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Monkey fever spreading in Sattari Goa but People shows reluctance to vaccination

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The Monkey fever is spreading in the villages of Sattari Taluka, the underdeveloped part of North Goa. As per the claims made by the deputy CM of Goa, The people are not ready to take the vaccination against the deadly disease. The concern on this subject was raised by the opposition leader Shri Pratapsingh Rane in the state legislative assembly today.

According to the sources in PTI, the deputy chief minister of Goa who also holds the portfolio of health minister of the state was answering the concern raised by the opposition leader and elected MLA of Sattari Shri Pratapshigh Rane on the floor of assembly today. According to Mr. D’souza, the vaccination drive has been initiated in the affected villages in Sattari. “We have already begun the vaccination drive in the affected areas of the villages subsequent to the detection of few patients with monkey fever. But to our surprise, people are not ready to get vaccinated against the disease. Some do take the first time but never return back for the follow-up,” he said.

Pratapsingh Rane showed the serious concern over the spreading of disease in the remote villages like Mauxi, Zarmen and Copordem in Sattari. “The disease is spreading in the remote villages of Sattari due to the growth of monkeys in the forest areas,” he brought to the notice of house.  He said that the carcasses of the monkeys are increasingly spotted in the state forests.

Mr. Rane told the house that they have already started the awareness drive in the affected villages, “We have already begun the awareness amongst the villagers and team of doctors along with the officials of forest department and animal husbandry department are on the move to help the affected people in the villages,” he said,

The deputy CM has ascertained that the disease is not contagious and they have started circulating the guidelines amongst the villagers which is issued by the AIIV (All India Institute of Virology)

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Rane had also demanded the need of controlling the population of the monkeys in the forests surrounding the villages. On this, the chief minister of Goa Laxmikant Parsekar intervened the matter stating that the state government is contemplating the possibility of declaring some animals (here, in this case, Monkeys) as VERMINS (The Pests) on the platforms of neighboring states like Maharashtra and Karnataka (perhaps after the palms this is the second invention). “It is the high time based on the complaints received from farmers that some animals (monkeys here) destroy their farms and now the time has come to declare them (Monkeys) as vermin and we will surely do it someday,” he said.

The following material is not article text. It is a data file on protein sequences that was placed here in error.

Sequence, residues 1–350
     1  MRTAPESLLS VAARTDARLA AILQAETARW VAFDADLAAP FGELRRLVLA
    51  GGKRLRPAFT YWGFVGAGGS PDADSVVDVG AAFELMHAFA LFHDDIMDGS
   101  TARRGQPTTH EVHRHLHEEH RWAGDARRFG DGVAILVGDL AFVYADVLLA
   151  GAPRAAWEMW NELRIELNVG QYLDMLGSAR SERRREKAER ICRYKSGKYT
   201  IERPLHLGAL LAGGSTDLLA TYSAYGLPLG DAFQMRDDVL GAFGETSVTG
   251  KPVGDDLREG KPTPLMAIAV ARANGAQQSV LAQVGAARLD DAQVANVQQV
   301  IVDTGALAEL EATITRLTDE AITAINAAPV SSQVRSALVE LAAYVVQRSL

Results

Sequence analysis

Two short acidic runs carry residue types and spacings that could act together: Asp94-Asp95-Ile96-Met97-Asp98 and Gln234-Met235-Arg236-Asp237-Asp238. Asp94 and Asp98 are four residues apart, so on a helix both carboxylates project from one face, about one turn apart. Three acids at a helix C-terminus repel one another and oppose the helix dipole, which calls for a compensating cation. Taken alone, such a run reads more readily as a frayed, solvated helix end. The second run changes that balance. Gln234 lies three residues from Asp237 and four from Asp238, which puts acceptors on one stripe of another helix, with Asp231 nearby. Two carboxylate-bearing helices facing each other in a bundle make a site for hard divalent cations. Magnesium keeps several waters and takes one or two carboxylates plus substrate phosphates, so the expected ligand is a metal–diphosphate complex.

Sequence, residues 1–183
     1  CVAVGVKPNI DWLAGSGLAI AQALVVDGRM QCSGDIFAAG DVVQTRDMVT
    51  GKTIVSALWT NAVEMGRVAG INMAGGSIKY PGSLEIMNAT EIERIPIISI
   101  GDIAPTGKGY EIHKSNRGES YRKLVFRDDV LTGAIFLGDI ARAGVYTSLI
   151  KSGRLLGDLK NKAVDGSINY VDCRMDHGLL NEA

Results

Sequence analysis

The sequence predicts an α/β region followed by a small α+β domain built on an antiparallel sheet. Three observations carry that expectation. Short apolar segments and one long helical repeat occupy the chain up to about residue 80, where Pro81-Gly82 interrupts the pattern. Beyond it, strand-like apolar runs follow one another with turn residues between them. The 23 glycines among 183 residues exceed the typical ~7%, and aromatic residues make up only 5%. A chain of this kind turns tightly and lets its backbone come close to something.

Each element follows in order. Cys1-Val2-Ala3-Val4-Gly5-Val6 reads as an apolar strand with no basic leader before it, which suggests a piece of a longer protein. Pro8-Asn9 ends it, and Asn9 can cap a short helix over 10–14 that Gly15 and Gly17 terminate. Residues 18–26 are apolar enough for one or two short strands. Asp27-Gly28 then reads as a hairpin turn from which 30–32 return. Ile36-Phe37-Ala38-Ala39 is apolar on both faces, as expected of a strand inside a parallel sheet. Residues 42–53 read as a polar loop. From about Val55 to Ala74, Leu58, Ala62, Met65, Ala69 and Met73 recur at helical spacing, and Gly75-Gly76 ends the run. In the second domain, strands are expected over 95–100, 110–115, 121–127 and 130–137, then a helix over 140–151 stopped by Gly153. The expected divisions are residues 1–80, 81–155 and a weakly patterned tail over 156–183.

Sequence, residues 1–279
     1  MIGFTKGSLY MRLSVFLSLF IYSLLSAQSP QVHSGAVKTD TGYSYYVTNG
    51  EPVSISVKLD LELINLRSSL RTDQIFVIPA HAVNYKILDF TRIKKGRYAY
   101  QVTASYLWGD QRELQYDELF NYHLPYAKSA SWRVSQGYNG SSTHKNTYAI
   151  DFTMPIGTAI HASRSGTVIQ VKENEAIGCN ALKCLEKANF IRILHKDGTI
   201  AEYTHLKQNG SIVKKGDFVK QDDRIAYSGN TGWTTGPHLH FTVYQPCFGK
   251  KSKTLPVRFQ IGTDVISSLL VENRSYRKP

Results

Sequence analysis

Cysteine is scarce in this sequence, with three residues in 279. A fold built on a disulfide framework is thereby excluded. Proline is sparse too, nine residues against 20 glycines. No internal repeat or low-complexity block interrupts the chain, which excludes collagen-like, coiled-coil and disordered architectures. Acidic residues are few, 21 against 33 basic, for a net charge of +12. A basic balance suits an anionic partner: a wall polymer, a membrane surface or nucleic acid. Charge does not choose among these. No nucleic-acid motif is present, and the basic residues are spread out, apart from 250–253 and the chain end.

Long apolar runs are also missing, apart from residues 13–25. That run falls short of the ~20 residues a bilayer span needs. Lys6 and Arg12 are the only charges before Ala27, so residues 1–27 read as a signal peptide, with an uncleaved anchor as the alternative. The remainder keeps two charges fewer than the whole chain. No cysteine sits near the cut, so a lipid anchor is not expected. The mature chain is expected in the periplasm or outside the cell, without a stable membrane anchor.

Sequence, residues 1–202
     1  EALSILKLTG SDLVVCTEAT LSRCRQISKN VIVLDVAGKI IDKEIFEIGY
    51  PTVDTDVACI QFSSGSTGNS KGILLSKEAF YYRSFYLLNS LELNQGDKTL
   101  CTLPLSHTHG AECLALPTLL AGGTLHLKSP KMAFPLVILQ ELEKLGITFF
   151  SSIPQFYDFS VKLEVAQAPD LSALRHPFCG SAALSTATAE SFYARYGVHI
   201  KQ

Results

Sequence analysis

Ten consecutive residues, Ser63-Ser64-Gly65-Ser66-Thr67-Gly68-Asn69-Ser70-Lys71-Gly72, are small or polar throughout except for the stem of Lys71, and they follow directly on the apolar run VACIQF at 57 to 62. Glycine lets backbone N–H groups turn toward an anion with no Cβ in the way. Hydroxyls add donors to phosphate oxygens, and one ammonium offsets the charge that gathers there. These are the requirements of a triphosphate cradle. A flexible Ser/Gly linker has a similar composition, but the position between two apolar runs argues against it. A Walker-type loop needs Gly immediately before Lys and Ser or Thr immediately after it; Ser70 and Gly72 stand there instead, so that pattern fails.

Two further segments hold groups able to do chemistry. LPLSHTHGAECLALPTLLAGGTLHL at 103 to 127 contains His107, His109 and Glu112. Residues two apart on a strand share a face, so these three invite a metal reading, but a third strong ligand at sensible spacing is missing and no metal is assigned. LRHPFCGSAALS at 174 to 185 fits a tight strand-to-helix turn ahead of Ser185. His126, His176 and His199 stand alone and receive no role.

About the Monkey Disease

The Monkey Disease also known as Kyasanur forest disease which spreads through the Tick on the animals and also known as tick-borne viral fever. The disease was first reported from Kyasanur Forest of Karnataka in India in March 1957. The disease first manifested as an epizootic outbreak among monkeys killing several of them in the year 1957. Hence, the disease is also locally known as Monkey Disease or Monkey Fever.

The infection of virus spreads through the means of forest tick. There are a variety of animals thought to be reservoir hosts for the disease, including porcupines, rats, squirrels, mice and shrews. The vector for disease transmission is Haemaphysalis spinigera, a forest tick. Humans contract the infection from the bite of nymphs of the tick.

The presently available treatment is an injection of Prophylaxis (the vaccination), as well as preventive measures like protective clothing, tick control, and mosquito control, are advised. An attenuated live vaccine is now available. Specific treatments are not available.

Source: Various Sources  

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